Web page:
Creating an effective medical alarm may sound straightforward on the surface, but it is anything but. Up to 72-99% of alarms that go off in hospital settings are false, according to a 2013 article in the American Association of Critical-Care Nurses (AACCN) journal. The cacophony of alarms sounding in busy hospitals contributes to alarm fatigue--clinicians hear so many alarms that they begin to tune them out. John Hopkins Hospital reported in a study that, in its facility, 59,000 alarms sounded within 12 days, an average of 350 alarms per patient per day, according to the aforementioned AACN article.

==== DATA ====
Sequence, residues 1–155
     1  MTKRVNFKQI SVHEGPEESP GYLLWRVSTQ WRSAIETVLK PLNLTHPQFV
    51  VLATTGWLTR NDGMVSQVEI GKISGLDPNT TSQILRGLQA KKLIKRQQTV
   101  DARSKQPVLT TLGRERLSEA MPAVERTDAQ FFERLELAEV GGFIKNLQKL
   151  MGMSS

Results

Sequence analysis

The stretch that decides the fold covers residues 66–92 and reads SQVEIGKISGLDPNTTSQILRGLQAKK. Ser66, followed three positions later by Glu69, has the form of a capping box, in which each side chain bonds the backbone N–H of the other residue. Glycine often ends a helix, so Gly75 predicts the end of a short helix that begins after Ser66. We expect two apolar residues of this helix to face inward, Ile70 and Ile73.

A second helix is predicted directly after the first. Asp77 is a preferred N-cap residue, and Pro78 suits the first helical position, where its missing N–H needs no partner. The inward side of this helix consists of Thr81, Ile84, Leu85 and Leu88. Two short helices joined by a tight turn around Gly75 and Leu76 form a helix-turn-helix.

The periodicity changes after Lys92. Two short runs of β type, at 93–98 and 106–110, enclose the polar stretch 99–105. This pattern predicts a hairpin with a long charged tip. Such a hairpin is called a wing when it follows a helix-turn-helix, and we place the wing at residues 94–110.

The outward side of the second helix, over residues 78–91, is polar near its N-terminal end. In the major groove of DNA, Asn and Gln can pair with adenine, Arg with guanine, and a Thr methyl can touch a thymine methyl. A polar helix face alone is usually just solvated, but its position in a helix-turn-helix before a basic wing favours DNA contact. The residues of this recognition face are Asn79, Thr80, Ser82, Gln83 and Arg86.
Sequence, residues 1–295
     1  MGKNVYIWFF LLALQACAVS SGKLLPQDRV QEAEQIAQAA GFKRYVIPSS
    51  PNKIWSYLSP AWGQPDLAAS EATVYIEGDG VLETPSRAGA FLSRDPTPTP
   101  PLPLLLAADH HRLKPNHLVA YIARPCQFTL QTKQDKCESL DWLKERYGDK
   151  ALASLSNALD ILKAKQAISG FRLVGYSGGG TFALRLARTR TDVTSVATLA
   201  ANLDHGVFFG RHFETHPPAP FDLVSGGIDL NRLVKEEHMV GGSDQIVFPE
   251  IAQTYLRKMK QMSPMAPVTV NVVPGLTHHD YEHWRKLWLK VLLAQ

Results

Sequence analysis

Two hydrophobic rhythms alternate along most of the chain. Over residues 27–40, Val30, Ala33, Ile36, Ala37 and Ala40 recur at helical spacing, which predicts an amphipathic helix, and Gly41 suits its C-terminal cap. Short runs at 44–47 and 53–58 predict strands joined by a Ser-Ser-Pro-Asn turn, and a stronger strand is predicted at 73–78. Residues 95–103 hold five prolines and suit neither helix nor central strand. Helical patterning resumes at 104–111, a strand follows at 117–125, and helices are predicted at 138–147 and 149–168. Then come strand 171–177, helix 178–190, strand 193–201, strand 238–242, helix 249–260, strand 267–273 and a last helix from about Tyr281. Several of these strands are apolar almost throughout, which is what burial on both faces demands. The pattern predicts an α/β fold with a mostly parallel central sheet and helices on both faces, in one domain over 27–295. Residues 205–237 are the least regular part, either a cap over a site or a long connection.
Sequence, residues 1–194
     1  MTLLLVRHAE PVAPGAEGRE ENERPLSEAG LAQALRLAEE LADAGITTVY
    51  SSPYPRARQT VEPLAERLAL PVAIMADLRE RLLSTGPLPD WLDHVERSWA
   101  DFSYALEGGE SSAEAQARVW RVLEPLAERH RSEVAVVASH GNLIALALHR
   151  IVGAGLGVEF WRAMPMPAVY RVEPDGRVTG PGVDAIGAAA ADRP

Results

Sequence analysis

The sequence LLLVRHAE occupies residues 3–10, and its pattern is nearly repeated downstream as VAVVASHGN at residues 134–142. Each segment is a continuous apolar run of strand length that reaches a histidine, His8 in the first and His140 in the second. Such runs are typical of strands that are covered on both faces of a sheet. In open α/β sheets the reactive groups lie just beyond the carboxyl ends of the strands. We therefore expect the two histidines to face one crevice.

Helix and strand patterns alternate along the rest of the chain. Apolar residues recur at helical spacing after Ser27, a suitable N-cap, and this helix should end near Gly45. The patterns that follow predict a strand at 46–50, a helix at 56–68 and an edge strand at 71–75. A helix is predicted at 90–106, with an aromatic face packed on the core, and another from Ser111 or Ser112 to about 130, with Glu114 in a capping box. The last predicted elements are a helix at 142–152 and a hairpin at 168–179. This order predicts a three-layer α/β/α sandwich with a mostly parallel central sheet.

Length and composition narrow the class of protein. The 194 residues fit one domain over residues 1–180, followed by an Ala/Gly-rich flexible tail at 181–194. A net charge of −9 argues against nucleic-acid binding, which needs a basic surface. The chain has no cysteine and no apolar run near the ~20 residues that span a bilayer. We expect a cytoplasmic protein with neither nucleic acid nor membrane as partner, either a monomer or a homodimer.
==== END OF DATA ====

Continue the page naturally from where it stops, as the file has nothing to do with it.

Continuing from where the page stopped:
Of course, there is also a problem with some alarms not sounding when they should, which can lead to grave injury or death in the case that ventilators or infusion pumps fail to register critical events. In fact, alarm problems are a frequent cause behind Class I recalls of infusion pumps. In March, for instance, FDA gave Class I status to a Hospira recall involving 4700 infusion pumps over an alarm problem.
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